In the second half of the 4th millennium BC the people of the Nile valley started to make clay vessels
decorated with dark brown painting on light yellow background (the so-called Naquada II culture).
Vessels were often decorated with the images of many-oared crescent-shaped boats with cabins, banners
on high poles, and palm leaves placed on the nose as protection against sunlight. The boats sail along a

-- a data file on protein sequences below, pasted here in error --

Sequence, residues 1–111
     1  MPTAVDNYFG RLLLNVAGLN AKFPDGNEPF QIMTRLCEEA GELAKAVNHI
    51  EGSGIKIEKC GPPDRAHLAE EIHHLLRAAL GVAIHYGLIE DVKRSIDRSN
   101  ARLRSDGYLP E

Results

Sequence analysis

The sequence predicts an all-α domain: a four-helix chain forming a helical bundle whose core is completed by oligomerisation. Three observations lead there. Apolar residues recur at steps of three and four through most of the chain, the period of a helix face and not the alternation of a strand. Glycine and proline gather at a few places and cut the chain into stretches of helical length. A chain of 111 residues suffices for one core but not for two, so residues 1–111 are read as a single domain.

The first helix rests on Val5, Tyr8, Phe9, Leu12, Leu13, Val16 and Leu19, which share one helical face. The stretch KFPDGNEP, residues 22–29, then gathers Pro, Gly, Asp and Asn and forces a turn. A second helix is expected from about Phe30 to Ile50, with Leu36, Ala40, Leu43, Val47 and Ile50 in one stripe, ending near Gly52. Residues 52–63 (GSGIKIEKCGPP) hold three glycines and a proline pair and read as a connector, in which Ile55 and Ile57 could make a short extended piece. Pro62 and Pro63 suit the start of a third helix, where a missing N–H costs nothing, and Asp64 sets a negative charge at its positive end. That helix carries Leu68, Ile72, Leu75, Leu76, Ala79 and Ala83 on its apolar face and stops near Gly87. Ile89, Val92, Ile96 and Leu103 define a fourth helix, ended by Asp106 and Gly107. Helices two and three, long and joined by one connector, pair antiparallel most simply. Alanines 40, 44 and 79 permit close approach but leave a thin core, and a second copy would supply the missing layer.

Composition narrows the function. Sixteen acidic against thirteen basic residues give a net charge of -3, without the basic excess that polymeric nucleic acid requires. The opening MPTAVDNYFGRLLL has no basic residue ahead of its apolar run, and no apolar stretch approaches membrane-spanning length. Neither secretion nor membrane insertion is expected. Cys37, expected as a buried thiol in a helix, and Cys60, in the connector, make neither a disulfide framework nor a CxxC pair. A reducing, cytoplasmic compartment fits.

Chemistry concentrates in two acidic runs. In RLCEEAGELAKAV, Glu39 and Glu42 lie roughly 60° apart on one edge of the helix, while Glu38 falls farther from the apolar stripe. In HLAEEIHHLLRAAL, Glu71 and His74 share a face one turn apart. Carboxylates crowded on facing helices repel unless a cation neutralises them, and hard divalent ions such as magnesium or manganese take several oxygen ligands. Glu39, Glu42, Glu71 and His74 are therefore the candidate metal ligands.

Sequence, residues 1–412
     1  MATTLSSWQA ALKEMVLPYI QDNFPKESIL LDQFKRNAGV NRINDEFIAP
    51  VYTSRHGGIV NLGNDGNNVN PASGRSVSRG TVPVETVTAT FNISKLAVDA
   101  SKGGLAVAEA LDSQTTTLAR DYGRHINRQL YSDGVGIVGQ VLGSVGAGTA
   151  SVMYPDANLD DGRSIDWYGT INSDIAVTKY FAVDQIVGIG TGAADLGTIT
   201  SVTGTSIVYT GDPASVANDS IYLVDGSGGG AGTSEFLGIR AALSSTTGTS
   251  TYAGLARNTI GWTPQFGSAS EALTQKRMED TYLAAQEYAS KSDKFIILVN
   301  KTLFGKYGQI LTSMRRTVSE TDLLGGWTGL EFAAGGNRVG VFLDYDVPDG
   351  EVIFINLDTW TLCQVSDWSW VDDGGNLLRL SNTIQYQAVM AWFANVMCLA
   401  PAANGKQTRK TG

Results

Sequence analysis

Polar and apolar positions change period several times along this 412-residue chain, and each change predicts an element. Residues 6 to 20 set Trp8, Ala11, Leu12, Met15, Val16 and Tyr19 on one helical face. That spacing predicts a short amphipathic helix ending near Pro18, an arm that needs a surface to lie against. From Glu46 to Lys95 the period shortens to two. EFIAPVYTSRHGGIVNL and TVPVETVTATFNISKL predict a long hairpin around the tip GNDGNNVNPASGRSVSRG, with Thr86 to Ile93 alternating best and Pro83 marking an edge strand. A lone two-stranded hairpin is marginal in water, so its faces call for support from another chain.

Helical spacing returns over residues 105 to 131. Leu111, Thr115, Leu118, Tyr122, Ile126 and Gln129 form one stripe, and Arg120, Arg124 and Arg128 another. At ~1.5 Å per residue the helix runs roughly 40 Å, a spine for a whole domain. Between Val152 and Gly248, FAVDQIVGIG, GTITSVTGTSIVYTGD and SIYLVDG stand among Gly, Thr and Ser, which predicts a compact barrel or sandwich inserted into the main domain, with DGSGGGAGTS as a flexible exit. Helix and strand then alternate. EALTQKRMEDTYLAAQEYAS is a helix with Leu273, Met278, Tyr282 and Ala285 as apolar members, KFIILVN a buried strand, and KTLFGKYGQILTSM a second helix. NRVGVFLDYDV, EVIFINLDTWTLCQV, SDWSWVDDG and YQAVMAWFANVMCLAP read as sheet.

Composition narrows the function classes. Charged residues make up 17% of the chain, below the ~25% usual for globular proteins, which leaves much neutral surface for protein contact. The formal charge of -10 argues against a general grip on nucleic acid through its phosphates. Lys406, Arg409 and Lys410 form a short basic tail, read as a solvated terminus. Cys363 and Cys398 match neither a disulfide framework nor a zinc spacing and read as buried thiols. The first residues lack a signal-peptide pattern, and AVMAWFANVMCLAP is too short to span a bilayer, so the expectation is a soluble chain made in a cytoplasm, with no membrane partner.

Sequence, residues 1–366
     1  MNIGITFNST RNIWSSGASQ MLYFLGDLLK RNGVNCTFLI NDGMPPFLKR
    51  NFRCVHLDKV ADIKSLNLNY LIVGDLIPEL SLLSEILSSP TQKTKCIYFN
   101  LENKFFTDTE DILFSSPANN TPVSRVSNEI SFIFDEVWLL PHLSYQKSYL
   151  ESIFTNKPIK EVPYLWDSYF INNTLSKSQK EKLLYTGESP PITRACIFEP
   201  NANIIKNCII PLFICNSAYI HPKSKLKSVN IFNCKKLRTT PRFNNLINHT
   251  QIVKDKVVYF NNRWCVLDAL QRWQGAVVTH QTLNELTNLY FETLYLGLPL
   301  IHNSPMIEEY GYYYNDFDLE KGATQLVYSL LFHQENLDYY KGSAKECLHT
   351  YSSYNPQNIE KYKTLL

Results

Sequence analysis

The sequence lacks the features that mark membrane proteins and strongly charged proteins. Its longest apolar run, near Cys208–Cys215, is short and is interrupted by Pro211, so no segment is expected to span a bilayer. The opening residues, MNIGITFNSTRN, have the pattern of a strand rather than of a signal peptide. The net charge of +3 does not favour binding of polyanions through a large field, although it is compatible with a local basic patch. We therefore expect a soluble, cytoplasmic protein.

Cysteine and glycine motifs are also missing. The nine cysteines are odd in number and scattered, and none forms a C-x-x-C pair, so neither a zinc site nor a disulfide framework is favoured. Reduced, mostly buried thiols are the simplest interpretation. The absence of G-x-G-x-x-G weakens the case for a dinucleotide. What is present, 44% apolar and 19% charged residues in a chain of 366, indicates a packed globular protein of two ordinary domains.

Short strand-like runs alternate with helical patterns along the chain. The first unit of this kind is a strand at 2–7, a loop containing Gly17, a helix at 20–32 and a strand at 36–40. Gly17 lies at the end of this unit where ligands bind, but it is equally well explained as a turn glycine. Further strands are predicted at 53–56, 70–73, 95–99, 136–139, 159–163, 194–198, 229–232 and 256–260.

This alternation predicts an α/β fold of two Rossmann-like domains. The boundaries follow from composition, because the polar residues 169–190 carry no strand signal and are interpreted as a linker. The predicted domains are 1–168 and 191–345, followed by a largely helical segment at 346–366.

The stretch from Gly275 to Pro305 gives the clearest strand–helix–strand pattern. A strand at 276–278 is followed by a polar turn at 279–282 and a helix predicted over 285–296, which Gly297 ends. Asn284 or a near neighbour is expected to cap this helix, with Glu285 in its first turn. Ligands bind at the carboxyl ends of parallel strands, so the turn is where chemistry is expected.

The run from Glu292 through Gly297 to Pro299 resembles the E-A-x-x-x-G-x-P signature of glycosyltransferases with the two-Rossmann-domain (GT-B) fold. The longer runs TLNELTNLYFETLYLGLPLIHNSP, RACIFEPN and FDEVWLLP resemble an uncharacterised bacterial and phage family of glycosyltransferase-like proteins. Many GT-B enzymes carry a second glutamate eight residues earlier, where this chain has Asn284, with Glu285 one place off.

river that is shown by zigzag lines. Flamingos and fan-like plants (possibly aloe or a type of banana), as
well as human figures were popular elements of such scenes. Men are usually side-drawn, and women are
depicted en face with raised hands (which might be an indication of a ritual dance).